the complicated business of ethical eating – and the Starbuck’s pumpkin scone clones
Food has become big in every way. Forbes Magazine says food is the world’s single largest industry.
When you start to think about the size of the food industry globally – the numbers are impossible to quantify and understand. But what is understandable is that there are over seven billion of us on the globe and every single one of us is affected daily, several times over, by the food industry.
From farmers and growers to processors, manufacturers, and advertisers; to transporters, wholesalers and retailers; from celebrity chefs and cooking shows, to food magazines and food blogs; to farm stands, markets, restaurants and speciality stores; from fast food to slow; and from vegans to locavores to flexitarians – food permeates our existence in more ways than ever.
Eating safely, reasonably, and ethically is an increasingly complicated business. There are the junk science and marketing claims about the latest super foods to wade through. Green coffee beans may be the latest victim here – with manufactured supplements of dubious origin flooding the market at exorbitant prices. There’s the cone of silence surrounding genetically modified organisms (GMOs). And then there are the factory farms and a shrinking number of giant food industries controlling more and more of the global market.
Half the world cannot get enough food while others are drinking Kopi luwak – the most expensive coffee on the planet. Kopi luwak retails at about US $700 a kilogram owing to the fact that it is made from coffee beans fed to and then excreted by Asian Palm civets – a process which endangers the lives of civets – animals that are often kept under horrifying conditions. And then there are the workers whose job it is to harvest the excreted coffee beans.
But it isn’t just Kopi luwak that raises ethical questions about what we eat. Even when you’re attempting to do the right thing – like buying free range eggs from the supermarket – you may need to think again. Chances are they came from a factory farm where the chickens are debeaked, have scant room to move, and are left in squalor in conditions that may be even less humane than the seven-inch cages that their non-free-range counterparts live in.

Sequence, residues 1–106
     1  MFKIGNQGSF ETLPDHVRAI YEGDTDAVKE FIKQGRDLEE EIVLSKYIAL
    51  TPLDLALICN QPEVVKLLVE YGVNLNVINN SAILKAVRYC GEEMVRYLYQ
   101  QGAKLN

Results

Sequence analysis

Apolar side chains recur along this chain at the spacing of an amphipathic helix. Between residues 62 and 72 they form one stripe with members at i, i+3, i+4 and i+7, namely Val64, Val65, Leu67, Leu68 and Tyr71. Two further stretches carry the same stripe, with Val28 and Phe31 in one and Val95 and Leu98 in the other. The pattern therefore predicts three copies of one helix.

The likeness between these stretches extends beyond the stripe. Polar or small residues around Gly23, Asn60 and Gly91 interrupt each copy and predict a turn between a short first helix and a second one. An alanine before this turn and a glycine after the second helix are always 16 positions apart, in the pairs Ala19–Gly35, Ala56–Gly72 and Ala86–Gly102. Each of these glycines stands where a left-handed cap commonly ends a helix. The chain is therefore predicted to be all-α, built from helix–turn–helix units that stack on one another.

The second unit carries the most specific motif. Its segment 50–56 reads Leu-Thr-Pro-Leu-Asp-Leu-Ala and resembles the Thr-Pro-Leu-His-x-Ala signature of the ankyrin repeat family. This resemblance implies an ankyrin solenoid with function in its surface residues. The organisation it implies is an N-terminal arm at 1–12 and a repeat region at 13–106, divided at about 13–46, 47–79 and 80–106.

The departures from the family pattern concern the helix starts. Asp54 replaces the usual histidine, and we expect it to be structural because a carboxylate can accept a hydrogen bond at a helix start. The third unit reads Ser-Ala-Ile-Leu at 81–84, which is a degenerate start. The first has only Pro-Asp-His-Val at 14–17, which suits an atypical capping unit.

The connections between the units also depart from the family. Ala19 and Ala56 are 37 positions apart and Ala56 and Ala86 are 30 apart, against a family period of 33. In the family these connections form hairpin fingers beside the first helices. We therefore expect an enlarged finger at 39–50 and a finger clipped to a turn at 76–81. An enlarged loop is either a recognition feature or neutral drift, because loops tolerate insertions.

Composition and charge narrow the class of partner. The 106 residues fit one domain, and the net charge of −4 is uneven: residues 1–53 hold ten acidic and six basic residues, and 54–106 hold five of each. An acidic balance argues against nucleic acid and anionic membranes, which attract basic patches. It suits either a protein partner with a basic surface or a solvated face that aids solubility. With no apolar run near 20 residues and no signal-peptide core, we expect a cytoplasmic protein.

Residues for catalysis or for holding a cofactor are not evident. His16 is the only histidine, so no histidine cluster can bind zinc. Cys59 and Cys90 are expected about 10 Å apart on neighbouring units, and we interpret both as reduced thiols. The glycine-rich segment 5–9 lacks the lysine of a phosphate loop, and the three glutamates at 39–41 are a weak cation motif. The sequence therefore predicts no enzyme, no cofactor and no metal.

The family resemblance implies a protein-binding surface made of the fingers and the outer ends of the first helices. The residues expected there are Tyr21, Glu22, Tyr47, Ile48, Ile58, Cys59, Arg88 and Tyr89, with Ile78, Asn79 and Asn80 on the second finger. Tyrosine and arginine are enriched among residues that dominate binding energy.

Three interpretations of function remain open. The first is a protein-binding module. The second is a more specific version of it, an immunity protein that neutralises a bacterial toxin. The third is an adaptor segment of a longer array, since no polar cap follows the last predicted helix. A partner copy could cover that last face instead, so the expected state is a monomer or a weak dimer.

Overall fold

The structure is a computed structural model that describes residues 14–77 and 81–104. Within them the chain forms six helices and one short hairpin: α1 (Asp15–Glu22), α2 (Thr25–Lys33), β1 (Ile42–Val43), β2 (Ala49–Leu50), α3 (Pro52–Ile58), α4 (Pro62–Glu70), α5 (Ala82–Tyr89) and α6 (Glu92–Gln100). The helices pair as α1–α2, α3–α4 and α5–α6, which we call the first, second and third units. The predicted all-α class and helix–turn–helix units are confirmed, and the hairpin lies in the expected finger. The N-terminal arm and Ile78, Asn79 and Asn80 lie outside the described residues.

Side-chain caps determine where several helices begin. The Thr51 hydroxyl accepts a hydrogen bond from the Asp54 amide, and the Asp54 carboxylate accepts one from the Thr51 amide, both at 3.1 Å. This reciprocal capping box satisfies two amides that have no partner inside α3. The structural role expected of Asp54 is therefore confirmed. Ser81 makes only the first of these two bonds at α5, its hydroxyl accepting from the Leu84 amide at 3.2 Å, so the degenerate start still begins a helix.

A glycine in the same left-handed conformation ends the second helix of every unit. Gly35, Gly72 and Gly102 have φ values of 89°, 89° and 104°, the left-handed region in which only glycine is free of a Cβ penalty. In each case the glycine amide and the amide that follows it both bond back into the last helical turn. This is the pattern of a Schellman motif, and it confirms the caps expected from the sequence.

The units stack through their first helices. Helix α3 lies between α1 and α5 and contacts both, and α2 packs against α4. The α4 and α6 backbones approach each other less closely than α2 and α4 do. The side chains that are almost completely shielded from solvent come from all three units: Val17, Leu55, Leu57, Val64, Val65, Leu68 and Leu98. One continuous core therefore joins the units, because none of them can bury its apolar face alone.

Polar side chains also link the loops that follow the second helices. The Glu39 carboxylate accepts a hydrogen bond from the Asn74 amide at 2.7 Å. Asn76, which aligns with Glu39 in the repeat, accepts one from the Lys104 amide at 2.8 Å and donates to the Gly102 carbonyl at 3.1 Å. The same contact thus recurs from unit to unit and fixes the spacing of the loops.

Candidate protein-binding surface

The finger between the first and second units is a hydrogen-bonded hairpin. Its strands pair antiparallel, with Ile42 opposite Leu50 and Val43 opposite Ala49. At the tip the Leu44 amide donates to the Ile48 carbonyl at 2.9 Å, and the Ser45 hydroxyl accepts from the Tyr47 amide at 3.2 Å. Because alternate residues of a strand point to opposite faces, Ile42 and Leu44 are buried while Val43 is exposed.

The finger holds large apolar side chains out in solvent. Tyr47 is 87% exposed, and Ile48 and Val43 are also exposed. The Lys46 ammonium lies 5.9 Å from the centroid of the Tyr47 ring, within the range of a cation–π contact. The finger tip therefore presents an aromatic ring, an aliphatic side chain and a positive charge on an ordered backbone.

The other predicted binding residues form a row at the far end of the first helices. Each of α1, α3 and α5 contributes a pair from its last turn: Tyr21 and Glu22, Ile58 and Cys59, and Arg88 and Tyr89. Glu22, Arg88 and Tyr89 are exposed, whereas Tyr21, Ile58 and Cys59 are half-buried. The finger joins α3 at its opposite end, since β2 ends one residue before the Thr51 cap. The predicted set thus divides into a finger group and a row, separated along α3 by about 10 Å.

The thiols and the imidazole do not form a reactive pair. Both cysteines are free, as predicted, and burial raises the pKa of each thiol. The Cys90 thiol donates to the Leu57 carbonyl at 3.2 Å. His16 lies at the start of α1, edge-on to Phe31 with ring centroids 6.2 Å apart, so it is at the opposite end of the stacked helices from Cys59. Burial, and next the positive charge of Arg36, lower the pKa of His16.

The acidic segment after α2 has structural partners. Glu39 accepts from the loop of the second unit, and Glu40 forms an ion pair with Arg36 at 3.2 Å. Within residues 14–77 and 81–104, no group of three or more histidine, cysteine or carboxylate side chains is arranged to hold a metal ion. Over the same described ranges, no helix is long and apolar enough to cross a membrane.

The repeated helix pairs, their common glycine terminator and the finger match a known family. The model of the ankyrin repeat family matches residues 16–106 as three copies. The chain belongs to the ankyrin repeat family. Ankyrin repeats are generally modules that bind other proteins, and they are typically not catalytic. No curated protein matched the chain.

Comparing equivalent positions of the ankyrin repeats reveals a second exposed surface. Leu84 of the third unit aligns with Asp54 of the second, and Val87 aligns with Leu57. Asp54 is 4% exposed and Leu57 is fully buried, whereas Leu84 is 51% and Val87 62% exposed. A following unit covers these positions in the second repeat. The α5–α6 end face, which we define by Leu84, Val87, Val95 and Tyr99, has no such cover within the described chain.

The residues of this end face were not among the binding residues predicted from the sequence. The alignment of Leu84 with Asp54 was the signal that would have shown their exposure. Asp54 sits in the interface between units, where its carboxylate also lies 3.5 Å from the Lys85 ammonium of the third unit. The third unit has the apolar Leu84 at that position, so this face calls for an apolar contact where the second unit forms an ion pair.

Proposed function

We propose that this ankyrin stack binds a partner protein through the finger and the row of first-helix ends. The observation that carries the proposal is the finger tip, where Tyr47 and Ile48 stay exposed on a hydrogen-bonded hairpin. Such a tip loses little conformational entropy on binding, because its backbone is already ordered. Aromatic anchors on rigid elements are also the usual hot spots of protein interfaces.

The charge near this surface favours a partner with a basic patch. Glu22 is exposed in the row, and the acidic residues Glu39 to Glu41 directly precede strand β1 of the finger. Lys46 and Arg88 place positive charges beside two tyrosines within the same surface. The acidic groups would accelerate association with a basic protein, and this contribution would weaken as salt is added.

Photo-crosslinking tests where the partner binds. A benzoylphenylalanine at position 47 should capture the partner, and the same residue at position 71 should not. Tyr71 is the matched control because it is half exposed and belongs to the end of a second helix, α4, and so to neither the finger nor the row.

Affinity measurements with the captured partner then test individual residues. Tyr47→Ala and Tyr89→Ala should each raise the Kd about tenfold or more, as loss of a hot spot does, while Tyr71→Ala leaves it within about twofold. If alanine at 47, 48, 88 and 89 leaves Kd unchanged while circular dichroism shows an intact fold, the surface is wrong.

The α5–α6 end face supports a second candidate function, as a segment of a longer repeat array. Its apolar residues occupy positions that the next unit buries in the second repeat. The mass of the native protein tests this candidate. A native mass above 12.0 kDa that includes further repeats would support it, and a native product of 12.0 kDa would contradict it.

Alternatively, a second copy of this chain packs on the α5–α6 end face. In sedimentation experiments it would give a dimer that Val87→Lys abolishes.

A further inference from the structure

Then there’s quinoa – the grain revered for its high protein, low-calorie, and gluten-free properties. Western demand has pushed the crop price to the point where many in Peru and Bolivia, primary producers of quinoa, can no longer afford to eat their former staple food source. And while farmers in the Canadian prairies are busy planting quinoa crops –this will do little to help the poor of South America.
Canola oil is another problem child of the food world. Canola is a proud Canadian invention – bred naturally from rapeseed at the University of Manitoba. Canola oil derives its name from Canada and oil. New evidence suggests that up to 90% of all canola may come from genetically modified plants – with nobody understanding the full impact and future implications of GMOs. Consider, for example, that there are currently no commercial GMO crops in England – and that Canadian labelling of GMOs is amongst the most lenient in the world.
Then there are the questions of sustainability – the overfishing of the world’s oceans and the pending collapse of the bee population. In August 2013, Time Magazine ran a cover with the title, “A world without bees: the price we’ll pay if we don’t figure out what’s killing the honeybee.” In a world without bees it’s not just honey that we’ll sacrifice, it’s about one-third of the global food supply which bees currently pollinate.
Yet despite everything, we still need to eat. Food and life are inseparable. And food is so much more than a means to survival. The luxury of eating well is one of the great pleasures of life – an art, a science, a form of love, a means of nourishing body and soul.
Eating simply, seasonally, and locally may be the fastest, easiest way to eat more ethically. It’s easier said than done but if nothing else, eating fewer processed foods and considering the source is a good start. With pumpkin season upon us, I’ll be in my kitchen making a batch or two of these – a veganized version of Starbuck’s fantastic pumpkin scones.
This post is my September Kingston This Week column. And true confessions, I did post this recipe previously but it’s such a favourite of mine – that I’m re-posting.
Starbucks (vegan or not) Pumpkin Scone Clones
1 1/2 cups all-purpose flour
1/2 cup whole wheat flour
1/2 cup brown sugar
1 tbsp baking powder
1/2 tsp salt
1 tsp cinnamon
1/2 tsp ginger
1/2 cup cold vegan margarine (I used Becel Vegan but butter also works beautifully)
1/2 cup pure pumpkin (use canned pure pumpkin or cooked, or cooked, fresh pumpkin, mashed thoroughly)
1/3 cup almond milk (or cream for a non-vegan version)
2 tsp vanilla
1/2 cup icing sugar
1 tbsp almond milk (or cream)
Preheat oven to 400°F. Lightly grease a cookie sheet.
Combine flours, sugar, baking powder, salt and spices in a large mixing bowl.
Cut in the margarine until reasonably well blended. Mixture should be slightly crumbly.
In a separate bowl combine the pumpkin, almond milk, and vanilla. Add to dry ingredients and form dough into a ball. If you need to add more liquid add almond milk by the tablespoonful until you have a slightly wet, but not sopping wet, dough.
Pat out on a lightly floured board, folding the dough over itself two or three times. Shape into a circle about 3/4 inch thick and cut into eighths. Place on prepared cookie sheet.
Bake for about 14 minutes or until the scones are browned. Cool on a wire rack.
Combine glaze ingredients and use a whisk or a fork to drizzle over the scones. Allow to set before serving.